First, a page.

Press Release – Tuesday 7 October 2014

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safe_imageMartini Family announce ‘Stem Cell and Bone Marrow Awareness Day’


Tuesday 7 October 2014 : Today, the first anniversary of Margot Martini being diagnosed with leukaemia, sees her family announce the launch of the “Team Margot Stem Cell and Bone Marrow Awareness Day”. The day is designed to promote awareness around the need for more potential stem cell donors to join the UK & worldwide registries. The day will give particular encouragement to those with mixed race to register, as this is a stem bank that is very much under-represented.

There are 37,000 people worldwide who are desperately seeking a stem cell match and only 60% of transplant recipients currently find a perfect donor. Of those from a black, Asian or ethnic minority community, just 20.5% of transplant recipients ever find their perfect match.

Margot’s donor appeal in early 2014 received international coverage in 11 countries. Based solely upon Team Margot’s UK achievements, statistically over 500 people will now receive potentially life saving bone marrow transplants.

Commenting, Margot’s father, Yaser said: “Team Margot is committed to raising global awareness around the need for more stem cell donor recruits, hence the launch of this annual international awareness day to help promote greater understanding and to encourage more people to register as potential stem cell / bone marrow donors.”

Margot’s mother, Vicki added: “You can save a life. And even if you don’t, you can still gift someone more time with their family & loved ones.

We are asking people to do something amazing: register as a stem cell donor. If you’re ineligible to or already have, then please encourage Just One More person to do the same.”

Yaser adds: “Lastly, we wish to again thank everyone for their fantastic support and especially those who have cared for Margot over the last year and who continue to look after her – we are so grateful for the service provided by the NHS, in particular at both Great Ormond Street & Kingston Hospitals.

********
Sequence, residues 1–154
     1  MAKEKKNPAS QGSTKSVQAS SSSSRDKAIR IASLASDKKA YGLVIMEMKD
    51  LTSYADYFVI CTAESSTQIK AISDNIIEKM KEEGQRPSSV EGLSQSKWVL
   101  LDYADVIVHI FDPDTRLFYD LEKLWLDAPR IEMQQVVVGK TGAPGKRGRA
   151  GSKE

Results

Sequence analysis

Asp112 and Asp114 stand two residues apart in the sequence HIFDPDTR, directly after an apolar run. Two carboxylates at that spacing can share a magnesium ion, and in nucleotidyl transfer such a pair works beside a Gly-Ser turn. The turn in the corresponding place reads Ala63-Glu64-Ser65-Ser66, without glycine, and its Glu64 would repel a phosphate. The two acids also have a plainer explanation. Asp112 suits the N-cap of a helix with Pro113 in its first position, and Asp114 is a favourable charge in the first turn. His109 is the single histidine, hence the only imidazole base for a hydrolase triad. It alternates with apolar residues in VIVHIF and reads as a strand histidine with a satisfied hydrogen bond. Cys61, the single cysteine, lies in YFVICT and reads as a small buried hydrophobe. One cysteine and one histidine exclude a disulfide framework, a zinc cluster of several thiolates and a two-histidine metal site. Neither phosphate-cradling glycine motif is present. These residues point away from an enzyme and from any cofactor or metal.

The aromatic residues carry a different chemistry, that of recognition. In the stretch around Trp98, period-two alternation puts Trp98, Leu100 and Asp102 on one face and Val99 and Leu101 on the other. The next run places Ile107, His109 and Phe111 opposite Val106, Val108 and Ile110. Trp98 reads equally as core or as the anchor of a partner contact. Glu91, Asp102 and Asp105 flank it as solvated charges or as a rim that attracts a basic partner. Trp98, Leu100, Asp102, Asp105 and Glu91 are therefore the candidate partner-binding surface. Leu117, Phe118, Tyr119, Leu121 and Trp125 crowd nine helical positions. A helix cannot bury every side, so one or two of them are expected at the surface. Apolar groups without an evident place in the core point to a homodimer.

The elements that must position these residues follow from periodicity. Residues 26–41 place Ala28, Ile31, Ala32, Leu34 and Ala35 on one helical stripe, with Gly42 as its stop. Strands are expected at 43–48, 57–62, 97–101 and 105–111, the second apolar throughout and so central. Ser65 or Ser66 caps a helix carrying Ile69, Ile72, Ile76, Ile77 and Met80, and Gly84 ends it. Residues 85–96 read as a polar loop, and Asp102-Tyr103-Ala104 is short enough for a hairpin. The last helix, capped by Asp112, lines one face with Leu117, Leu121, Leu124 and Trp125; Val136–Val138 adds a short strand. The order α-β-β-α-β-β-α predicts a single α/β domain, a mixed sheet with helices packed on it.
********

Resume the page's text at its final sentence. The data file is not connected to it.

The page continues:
Margot’s journey to date has left our family owing a huge debt of thanks to the doctors, nurses and other staff at: Paediatric Intensive Care Unit, Elephant, Robin, Fox and Safari wards at Great Ormond Street Hospital and both Sunshine & Dolphin Wards at Kingston Hospital. Bless you all and thank you so much.”

The inaugural Team Margot Stem Cell and Bone Marrow Awareness Day will be on Wednesday 7 October 2015.

Thank you for your support.

Please see ‘How to register’.


Additional Information

Margot’s Story

Team Margot

Margot, pre-diagnosis

Margot Martini was diagnosed with Leukaemia on 7 October 2013, aged almost 14 months old.

Margot has an extremely rare form of Leukaemia, which has dual lineage – both Acute Lymphoblastic Leukaemia (ALL) and Acute Myeloid Leukaemia (AML). At the time of diagnosis, the consultant haematologist at Great Ormond Street Hospital said that he had only seen 3 such cases in the last 10 years and from the outset the medical team advised Margot’s parents that her best chance of beating this blood cancer was a stem cell transplant/bone marrow transplant.

Margot eventually received a bone marrow donation on 21 February 2014 thanks to an anonymous and selfless German donor.

Margot relapsed in June and is currently being cared for at home.

To follow her story visit: http://www.teammargot.com/margots-story/


Margot’s Donor Appeal

Yaser, Margot’s father relates what happened : We desperately needed to find Margot a matching stem cell donor in order for her to have the bone marrow transplant that the doctors recommended.

Given that there wasn’t a match for Margot within our immediate family, we launched our own campaign to find one. On Christmas Eve Team Margot launched a general appeal for people to do something amazing and register as stem cell donors; we didn’t ask anyone for money, we simply sought their benevolence. The charity, Delete Blood Cancer UK made the whole process simple & painless: it involves a swab of your cheek to obtain your tissue type, which can then be included on the database and in the search process.